England could see Will trying to make sense of his words. He wondered whether it was worth going outside for a piss, when the weather was Godawful and there were an assortment of people outside just waiting to prey on helpless drunks.
"I suppose it is a tough choice…"
Will pushed his stool back a little further again, but England was past caring really. Instead, he nodded violently at Will's words.
"Exactly, m'boy! T'pee or not t'pee, that's the decision."
With that, England slid down off his stool and lurched into the night, completely unaware of the effect of his words on a young man by the name of William Shakespeare.
"So, so that's the time I met Shakespeare."
America turned to him, one blonde eyebrow raised high. He sighed and shook his head, leaning back in the seat. From the other seats disapproving heads looked around at the drunken passenger, and England just laughed at their scorn.
"How much of that was actually true?"
England shrugged wildly, his arms flying up and almost hitting America in the nose. He grabbed the bottle of Jack Daniels which lay on the table and took a large gulp, and America rolled his eyes. England really had been getting drunk way too often lately.
"Most of it. Probably. I mean, wha' am I? The 'wha's true police'?"
America didn't answer, and silence stretched over the pair for a long minute. England waved one finger in the air, chanting something under his breath. A spell of some sort probably. America could never understand England's preoccupation with magic and the occult. Science was the way forward, science and invention, magic belonged in the middle ages.
He looked out of the window at the scenery flying past, briefly thinking to himself about just how green England's house was. He could feel the vibrations of the turning wheels through the thick rubber of his soles. Vaguely, he wondered if it was worth installing more trains in his own home. England and Japan seemed to love them, and as at times like this he could almost see why. It was enough to make him wi-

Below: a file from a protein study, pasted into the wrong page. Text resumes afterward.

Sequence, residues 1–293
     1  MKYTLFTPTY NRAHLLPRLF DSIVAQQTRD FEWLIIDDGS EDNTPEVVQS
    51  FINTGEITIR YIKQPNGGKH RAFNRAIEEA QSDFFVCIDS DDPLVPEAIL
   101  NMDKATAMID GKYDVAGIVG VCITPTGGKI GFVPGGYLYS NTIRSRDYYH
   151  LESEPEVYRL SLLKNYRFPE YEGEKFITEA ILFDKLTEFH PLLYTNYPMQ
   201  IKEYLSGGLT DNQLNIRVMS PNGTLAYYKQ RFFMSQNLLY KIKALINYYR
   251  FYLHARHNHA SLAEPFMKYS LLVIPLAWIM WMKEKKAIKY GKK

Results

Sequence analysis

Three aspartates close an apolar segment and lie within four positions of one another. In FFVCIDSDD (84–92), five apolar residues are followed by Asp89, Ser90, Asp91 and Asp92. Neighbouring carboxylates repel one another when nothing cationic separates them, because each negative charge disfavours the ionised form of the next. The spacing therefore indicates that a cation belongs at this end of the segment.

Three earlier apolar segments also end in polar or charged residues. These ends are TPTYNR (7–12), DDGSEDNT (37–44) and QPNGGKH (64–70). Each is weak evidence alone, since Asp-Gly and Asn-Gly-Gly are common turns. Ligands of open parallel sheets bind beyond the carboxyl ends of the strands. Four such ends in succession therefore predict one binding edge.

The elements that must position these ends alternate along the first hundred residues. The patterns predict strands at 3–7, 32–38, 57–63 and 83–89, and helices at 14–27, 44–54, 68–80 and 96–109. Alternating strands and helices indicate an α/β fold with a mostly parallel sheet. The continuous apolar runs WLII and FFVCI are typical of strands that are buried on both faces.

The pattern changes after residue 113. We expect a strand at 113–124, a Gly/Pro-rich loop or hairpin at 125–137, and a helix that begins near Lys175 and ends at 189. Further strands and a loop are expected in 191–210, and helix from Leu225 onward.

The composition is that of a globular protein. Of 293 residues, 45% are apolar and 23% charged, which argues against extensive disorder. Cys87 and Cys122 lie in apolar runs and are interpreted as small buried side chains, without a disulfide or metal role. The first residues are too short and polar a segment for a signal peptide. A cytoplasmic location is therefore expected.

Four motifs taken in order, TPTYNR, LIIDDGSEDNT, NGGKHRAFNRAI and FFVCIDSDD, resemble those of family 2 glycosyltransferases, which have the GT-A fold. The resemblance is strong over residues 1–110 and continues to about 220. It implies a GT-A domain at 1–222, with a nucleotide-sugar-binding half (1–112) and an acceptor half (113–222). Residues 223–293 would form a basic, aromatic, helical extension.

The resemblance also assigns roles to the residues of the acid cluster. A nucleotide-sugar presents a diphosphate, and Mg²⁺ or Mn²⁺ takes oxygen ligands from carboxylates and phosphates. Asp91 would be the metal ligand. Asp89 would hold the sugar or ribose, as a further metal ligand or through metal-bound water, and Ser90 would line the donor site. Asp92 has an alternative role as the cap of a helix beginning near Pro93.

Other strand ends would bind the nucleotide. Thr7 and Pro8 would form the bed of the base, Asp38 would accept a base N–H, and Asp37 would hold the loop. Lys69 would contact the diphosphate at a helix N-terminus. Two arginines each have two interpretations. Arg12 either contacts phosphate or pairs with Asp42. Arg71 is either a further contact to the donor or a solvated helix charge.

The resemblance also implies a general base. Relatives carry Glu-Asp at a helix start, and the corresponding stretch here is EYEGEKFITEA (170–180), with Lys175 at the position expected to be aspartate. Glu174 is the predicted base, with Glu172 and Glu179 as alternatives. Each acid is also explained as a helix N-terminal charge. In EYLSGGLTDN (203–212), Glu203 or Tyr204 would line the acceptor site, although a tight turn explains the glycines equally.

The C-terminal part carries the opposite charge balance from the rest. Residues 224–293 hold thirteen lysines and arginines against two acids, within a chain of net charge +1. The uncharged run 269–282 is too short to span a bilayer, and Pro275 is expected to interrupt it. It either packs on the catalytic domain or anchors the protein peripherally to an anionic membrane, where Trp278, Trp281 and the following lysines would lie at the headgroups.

"I wish I was a wizard."
America turned his head to look at England, who was sitting straight forward looking very serious. More serious than he often looked in meetings, in fact. He frowned at the lost trail of thought, before sighing and answering his travelling companion.
"Do you now?"
"Yeah! I'd 'ave, 'ave, I'd have a broomstick 'nd I'd fly places 'nd I'd be like 'whoa watch me, I'm on a broomstick', 'nd I'd 'ave a wand and I'd be all like 'I curse thee', 'nd France would be totally, like, flummoxed. 'Nd I'd fight evil wizard who were called… called… Mouldy Torté, and I'd be like 'take that you mouldy torté', and he'd be like 'You English bastard', because Mouldy Torté is French, yknow?"
America smiled at the insane drunken ramblings of the man he once called 'big brother'. It was always funny when England was in this sort of mood, but it didn't happen often. He was usually such a depressed drunk.
"'Nd there'd be other wizards, 'nd we'd 'ave a secret society called frog… Frog… Frog somethin'."
At the back of the train compartment, a young woman by the name of Joanne Rowling smiled to herself.